Archive for September, 2008

Sep 30 2008

Calling for Merit Selection in Greene County, MO

The News-Leader in Springfield, MO, has come out in favor of Merit Selection for Greene County.  Describing the reasons the editorial board is supporting the change from partisan elections, the editorial first quotes a former local attorney:

[T]he current partisan system for electing judges in Greene County just doesn’t feel right. . . .  ‘It puts lawyers in a really bad position,’ [Shawn] Askinosie said, ‘and, frankly, it puts judges in a really bad position, too.’

That opinion, from a lawyer-turned-businessman who really had nothing to gain when he recently decided to speak to our Community Editorial Advisory Board, is not to be dismissed lightly.

It helped sway us toward support for a new way of selecting judges in Greene County.

Although we are advocating reform only at the appellate level in Pennsylvania, we are watching the events in Greene County.  We wish the reformers luck in their upcoming referendum, and we hope Pennsylvanians will soon get their own chance to weigh in on how we should select appellate judges.

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Sep 29 2008

Pennsylvania Council of Churches Supports Merit Selection

The Pennsylvania Council of Churches supports Merit Selection of Pennsylvania’s appellate court judges. In written testimony submitted to the Senate Judiciary Committee in connection with its recent hearings on Merit Selection legislation, the Pennsylvania Council of Churches explained:

Our interest in the proposed system comes from our concern about the biblical principle of justice. Among the more important changes, merit selection will completely remove fundraising and the influence of campaign money from the selection process. By doing so it creates a system where all qualified Pennsylvanian lawyers who aspire to be on the appellate courts have a fair chance to reach the bench.

This nicely sums up why so many groups and individuals are recognizing that electing appellate judges just isn’t the best way to get the most qualified, fair and impartial judges on the bench. Thanks to the Pennsylvania Council of Churches for supporting this important reform.

You can read more about the Senate Judiciary Committee hearing and view the testimony of other Merit Selection supporters on our Report on the Senate Hearing page.

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Sep 26 2008

Candidate for Governor Proposes Changes to Missouri Plan

The Missouri Plan long has served as a model for other states seeking to design Merit Selection systems.  In recent years, there has been some conflict between the Governor and the nominating commission about the lists of recommended candidates.  This week, Republican gubernatorial candidate Kenny Hulshof proposed changing the composition of the nominating commission.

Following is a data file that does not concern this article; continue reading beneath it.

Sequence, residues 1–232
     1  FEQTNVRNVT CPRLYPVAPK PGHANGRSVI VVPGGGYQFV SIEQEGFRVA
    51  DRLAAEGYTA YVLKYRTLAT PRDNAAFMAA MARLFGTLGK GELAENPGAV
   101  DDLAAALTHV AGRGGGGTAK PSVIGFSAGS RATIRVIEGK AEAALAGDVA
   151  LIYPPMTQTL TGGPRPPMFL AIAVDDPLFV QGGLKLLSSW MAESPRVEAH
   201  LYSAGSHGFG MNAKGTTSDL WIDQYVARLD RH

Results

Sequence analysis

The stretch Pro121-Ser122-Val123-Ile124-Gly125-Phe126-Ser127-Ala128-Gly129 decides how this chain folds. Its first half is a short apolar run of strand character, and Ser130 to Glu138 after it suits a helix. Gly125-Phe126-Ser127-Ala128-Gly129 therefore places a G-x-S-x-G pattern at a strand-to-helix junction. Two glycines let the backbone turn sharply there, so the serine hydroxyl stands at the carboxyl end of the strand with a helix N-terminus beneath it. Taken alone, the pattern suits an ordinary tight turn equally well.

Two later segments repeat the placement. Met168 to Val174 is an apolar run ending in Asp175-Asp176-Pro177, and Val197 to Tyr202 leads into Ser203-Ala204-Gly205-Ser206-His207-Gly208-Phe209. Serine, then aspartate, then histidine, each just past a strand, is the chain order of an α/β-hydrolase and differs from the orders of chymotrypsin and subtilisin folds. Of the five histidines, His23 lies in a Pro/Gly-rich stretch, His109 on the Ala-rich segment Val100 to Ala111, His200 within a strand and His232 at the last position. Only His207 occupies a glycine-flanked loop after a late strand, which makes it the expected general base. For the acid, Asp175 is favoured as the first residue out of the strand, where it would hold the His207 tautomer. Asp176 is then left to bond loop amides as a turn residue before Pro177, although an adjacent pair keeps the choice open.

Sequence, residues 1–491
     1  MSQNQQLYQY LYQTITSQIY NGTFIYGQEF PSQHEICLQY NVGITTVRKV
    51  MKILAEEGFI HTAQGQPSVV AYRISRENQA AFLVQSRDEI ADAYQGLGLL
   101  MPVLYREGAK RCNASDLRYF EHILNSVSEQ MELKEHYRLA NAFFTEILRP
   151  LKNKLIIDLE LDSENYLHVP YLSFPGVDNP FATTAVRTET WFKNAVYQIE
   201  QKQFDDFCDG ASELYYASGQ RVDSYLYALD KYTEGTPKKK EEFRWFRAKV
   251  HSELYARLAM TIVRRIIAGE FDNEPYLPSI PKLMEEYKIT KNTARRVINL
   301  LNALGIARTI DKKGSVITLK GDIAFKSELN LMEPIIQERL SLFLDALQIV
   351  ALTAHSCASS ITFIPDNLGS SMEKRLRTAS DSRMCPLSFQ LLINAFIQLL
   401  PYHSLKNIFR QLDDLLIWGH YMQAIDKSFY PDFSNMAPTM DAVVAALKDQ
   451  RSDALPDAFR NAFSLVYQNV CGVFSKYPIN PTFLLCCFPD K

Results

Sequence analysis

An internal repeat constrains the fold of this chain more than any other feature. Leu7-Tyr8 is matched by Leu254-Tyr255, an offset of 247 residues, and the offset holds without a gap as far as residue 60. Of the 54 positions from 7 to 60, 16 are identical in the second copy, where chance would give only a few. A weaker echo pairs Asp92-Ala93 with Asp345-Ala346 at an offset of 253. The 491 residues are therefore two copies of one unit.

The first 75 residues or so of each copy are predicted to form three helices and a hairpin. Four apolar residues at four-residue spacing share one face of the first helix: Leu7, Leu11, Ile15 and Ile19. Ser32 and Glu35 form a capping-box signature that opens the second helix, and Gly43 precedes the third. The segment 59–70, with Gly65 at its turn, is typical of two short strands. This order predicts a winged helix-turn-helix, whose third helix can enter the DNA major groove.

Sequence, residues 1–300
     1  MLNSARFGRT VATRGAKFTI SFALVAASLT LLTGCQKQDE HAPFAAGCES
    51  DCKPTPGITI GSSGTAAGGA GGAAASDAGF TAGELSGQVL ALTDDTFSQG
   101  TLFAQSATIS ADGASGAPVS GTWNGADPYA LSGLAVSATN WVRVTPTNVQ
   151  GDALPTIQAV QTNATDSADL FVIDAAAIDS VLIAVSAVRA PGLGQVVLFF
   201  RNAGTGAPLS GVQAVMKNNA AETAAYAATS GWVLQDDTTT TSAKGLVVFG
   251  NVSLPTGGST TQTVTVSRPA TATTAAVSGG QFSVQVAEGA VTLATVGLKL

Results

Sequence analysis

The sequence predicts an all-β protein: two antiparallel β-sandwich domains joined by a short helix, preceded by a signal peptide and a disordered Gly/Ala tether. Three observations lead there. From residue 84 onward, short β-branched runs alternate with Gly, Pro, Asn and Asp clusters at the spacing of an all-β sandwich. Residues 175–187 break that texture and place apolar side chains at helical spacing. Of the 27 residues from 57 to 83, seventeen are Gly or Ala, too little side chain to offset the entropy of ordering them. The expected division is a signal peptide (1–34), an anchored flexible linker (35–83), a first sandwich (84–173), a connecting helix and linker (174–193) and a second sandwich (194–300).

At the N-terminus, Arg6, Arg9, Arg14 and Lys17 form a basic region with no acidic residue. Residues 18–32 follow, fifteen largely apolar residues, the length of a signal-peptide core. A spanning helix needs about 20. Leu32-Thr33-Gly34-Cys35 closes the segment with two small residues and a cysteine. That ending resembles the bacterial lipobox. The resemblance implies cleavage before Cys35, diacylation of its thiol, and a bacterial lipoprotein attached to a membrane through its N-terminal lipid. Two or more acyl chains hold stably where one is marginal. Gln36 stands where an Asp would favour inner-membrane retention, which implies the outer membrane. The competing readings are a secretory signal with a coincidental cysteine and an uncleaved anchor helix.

An Associated Press piece in the Columbia Missourian reports that Hulsof believes the nominating commission is dominated by plaintiffs’ trial lawyers.  Hulshof’s plan calls for replacing the three attorney seats, filled by election among lawyers in different geographic regions, with three retired judges.  He also proposes eliminating the seat for the Chief Justice of the state and replacing it with a retired Supreme Court justice.

In addition, Hulshof argues that the commission should be required to submit five names to the Governor, rather than three and he proposes giving the Governor the power to request a second list.  Under this proposal, If no one on either list is acceptable to the Governor, the Governor may nominate anyone of his or her choosing, subject to Senate confirmation.  This is a significant change from the current system, where the Governor’s rejection of the list of nominees results in an appointment made by the nominating commission.

Hulshof’s opponent in the governor’s race, Jay Nixon, claims the new proposal would make judicial selection even more political.  He recommends making some changes to the system, such as publicizing the names of all applicants considered by the commission, but opposes the changes to the nominating commission and the procedural changes recommended by Hulshof.

We have concerns about the Hulshof proposal, particularly the provisions related to the Governor’s selection of a nominee.  We will be watching what happens and keeping you posted. Visit Gavel Grab for more on this story.

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Sep 25 2008

A Call to Eliminate Judicial Elections in Lousiana